Mike Spille, landowner along the route in West Amwell and author of the blog thecostofthepipeline.com asked questions about eminent domain. “Why don’t we address the 800 pound gorilla in the room: eminent domain.” PennEast representatives looked visibly nonplussed by the question. Mike from PennEast responded that “We feel that this is not the proper time in the process to discuss eminent domain.”
Mr. Spille also had trouble getting answers to a question about routing near his property.
One man raised the issue of woodland assessment. In New Jersey, land some owners of large parcels of woodland may be eligible for reduced taxes if the property is used exclusively for the production and sale of forestry products. “The difference to me is an $8,000 tax bill instead of $30,000 one.” PennEast representatives were unaware of the classification. Ms. Harris chimed in, “New Jersey is new to us. We’re still learning and we don’ t know about all of these special programs that are unique to the state.”
Organizations appalled at notion of closed-hearings
Organizations throughout the community were outraged at the notion of hearings that were not open to the public and isolate landowners from people who can help them understand the issues and protect their rights.
Sam Koplinka-Loehr, Shale Gas Organizer with the Clean Air Council was one of many representatives who objected to the closed status of the meetings. “These ‘open houses’ are a sham. By having closed-door meetings with only some landowners, PennEast and UGI are trying to intimidate and divide the community. Luckily, we will not be intimidated. One hundred percent of NJ’s impacted communities have joined together and passed resolutions opposing the pipeline, and 68% of all NJ landowners have denied survey permission. This is almost unheard of as almost all other pipeline projects at this point have survey permission for 90%+ of the route.”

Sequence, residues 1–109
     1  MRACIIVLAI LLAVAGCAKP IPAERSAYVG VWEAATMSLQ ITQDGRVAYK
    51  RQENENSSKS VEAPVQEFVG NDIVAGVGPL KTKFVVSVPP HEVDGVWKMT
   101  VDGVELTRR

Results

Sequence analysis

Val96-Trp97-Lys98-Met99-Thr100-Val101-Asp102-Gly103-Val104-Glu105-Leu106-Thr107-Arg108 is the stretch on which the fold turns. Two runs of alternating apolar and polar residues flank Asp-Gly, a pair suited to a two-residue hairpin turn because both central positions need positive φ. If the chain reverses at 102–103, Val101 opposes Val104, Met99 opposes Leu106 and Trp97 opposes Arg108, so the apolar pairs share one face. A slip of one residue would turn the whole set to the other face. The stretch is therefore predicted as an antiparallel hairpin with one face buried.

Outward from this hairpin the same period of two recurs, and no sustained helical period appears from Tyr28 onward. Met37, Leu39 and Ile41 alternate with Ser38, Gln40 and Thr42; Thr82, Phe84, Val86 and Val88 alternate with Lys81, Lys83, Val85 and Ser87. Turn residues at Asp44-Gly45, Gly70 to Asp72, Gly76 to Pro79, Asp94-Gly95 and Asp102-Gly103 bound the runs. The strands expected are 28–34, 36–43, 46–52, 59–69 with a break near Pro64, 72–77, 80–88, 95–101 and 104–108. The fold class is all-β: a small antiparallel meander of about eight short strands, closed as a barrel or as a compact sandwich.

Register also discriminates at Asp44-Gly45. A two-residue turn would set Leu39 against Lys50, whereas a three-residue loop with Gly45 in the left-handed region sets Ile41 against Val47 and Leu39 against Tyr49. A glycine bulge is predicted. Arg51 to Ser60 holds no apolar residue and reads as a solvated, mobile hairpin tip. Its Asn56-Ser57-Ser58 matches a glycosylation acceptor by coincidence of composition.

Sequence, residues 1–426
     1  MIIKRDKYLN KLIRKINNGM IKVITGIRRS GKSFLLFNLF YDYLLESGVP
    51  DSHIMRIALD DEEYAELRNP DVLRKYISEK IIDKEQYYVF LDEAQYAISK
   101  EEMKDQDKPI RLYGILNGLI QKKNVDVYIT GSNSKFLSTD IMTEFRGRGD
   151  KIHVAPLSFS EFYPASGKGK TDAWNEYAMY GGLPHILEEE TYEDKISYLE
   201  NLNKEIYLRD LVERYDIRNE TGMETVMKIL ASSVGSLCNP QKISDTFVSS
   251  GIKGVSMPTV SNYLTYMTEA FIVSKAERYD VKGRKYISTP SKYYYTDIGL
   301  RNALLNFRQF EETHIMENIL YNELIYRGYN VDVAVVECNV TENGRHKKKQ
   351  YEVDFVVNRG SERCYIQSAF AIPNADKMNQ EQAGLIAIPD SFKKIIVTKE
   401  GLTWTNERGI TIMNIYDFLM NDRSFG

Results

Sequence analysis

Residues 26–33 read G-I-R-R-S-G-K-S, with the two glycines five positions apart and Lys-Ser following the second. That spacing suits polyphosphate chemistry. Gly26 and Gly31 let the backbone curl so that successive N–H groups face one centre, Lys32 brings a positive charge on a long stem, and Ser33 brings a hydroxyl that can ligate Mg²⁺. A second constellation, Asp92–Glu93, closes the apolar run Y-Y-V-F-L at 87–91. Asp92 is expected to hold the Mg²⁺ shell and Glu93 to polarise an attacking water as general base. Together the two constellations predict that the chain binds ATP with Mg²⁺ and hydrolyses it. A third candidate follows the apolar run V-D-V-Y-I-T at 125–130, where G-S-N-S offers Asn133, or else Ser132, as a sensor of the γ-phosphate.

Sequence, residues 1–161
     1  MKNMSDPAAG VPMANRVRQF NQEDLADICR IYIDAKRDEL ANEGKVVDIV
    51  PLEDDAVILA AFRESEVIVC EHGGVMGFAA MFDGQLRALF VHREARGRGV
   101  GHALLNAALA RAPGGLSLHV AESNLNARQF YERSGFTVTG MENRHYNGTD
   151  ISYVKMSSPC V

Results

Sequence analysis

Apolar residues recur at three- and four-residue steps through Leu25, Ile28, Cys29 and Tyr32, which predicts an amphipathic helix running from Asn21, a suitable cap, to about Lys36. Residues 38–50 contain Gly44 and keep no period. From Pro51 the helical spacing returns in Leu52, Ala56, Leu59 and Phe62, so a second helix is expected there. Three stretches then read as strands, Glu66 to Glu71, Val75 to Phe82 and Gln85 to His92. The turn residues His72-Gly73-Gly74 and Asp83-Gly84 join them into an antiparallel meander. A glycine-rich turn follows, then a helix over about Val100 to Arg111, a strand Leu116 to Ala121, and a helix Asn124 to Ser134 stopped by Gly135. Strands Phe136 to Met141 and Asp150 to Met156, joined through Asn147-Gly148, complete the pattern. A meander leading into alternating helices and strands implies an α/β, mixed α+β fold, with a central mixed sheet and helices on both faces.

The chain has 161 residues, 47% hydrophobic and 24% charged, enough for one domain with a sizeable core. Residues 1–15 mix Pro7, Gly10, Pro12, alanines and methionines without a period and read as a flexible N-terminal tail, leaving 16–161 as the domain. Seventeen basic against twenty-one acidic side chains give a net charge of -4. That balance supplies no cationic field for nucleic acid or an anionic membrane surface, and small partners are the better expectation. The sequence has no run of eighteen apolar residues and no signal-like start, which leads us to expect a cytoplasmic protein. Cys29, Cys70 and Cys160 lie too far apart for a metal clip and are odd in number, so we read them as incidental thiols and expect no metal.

Laura Pritchard of Concerned Citizens of Williams Township issued a statement saying “The more PennEast speaks, the less confidence citizens have that their concerns are being taken seriously. This is a ‘learning process’? How much of the rest of this process are they learning as they go? With research done in the short amount of time since PennEast pre-filed with FERC, concerned citizens seem to be more knowledgeable than people working on the project.”
Patty Cronheim, representing Hopewell Citizens Against the PennEast Pipeline, said “It’s unconscionable that PennEast separates newly impacted landowners from their communities by holding closed door sessions. Being threatened with eminent domain can be an overwhelming experience and our neighbors need to know that we support them and stand in solidarity with them against PennEast. We’re here to provide information and help them learn about their rights and how to fight this destructive project. We say to all newly impacted landowners – YOU ARE NOT ALONE.”
What you can do
On April 21st, PennEast is holding in Hopewell its invitation only, closed landowner lunch and dinner meetings. HTCAPP will be protesting these closed meetings because they separate impacted people from their supportive community and are manipulative and divisive. Please contact us if you would like to join the protest.
If you are invited to one of these meetings and would like more information about your rights, the FERC process, or important questions to ask PennEast, please contact us either through this website, http://htcapp.org, or by calling the PIPELINE HOTLINE – 609-350-2220
Submitted by Hopewell Township Citizens Against the PennEast Pipeline (HTCAPP)
If you rely on MercerMe for your local news, please support us.
To keep the news coming, we rely on support from subscribers and advertising partners. Hyperlocal, independent, and digital — MercerMe has been providing Hopewell Valley its news since 2013. Subscribe today.